March is women’s history month and will be the theme for the rest of my book reviews for this month; a great excuse to get through some fascinating biographies!
Though it wasn’t actually planned, it feels wholly appropriate that I have finished reading Emmeline Pankhurst’s autobiographical account of the suffrage movement today, as thousands of women have marched in UK cities to commemorate the centenary of finally being awarded the vote. I am certain she would have approved of these parades!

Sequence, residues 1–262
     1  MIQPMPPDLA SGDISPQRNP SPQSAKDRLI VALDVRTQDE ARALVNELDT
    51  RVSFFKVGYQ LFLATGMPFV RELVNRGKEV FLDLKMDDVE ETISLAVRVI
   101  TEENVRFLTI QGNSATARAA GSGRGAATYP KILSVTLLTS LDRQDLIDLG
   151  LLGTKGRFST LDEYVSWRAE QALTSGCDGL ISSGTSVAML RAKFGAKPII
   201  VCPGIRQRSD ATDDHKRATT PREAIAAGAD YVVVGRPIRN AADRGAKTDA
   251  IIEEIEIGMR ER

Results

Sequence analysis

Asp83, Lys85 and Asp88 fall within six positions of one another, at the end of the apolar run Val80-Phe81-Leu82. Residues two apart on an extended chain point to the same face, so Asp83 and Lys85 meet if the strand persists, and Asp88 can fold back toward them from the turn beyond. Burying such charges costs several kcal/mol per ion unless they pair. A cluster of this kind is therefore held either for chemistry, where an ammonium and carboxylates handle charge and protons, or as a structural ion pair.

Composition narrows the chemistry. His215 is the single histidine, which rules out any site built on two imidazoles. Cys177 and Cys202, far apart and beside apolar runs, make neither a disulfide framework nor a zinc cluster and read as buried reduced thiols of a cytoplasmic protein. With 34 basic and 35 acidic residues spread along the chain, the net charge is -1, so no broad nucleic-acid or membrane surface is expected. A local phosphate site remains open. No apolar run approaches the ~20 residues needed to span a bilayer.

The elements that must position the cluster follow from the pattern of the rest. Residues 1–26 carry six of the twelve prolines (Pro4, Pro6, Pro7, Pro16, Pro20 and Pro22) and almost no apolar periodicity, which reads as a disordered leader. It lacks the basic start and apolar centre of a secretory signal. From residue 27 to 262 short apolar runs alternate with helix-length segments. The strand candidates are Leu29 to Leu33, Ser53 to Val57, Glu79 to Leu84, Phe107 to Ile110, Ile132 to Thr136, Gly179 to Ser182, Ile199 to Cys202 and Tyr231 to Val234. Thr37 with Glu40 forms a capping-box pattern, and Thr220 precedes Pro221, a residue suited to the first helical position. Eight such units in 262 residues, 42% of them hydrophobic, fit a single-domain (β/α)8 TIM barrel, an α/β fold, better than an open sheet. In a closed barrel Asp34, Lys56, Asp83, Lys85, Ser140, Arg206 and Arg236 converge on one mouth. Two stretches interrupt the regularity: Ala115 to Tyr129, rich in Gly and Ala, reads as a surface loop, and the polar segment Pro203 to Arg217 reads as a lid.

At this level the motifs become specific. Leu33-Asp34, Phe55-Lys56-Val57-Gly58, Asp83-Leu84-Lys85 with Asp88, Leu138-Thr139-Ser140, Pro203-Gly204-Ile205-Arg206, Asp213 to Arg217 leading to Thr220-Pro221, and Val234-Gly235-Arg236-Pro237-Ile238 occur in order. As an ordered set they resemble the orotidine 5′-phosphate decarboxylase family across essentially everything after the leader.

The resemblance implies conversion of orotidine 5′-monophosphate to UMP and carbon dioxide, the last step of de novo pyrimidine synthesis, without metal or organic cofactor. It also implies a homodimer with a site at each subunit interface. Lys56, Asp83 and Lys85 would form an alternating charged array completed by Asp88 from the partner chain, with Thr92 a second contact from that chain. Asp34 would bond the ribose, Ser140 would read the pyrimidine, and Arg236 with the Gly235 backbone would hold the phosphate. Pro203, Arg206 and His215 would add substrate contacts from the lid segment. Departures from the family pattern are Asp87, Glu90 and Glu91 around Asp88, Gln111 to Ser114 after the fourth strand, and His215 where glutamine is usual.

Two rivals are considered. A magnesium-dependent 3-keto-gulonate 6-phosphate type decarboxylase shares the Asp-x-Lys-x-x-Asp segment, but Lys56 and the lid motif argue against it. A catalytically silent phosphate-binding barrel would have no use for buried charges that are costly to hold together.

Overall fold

Millicent Fawcett, Emmeline Pankhurst, Christabel Pankhurst, Emily Wilding Davison… these are names all synonymous with the battle for women’s suffrage. The name of Lady Constance Lytton is perhaps less well known to the general public, but she was just as committed to the cause and suffered just as much in fight to win the vote as her more famous comrades.
This biography by Lyndsey Jenkins does a marvellous job of explaining how a titled lady and the daughter of a former Viceroy of India came to be incarcerated in Holloway Prison and staged one of the most famous hunger strikes of the suffragette campaign. It chronicles her childhood and early life, her domestic concerns, her difficult relationship with her mother as well as her remarkable career as a suffragette.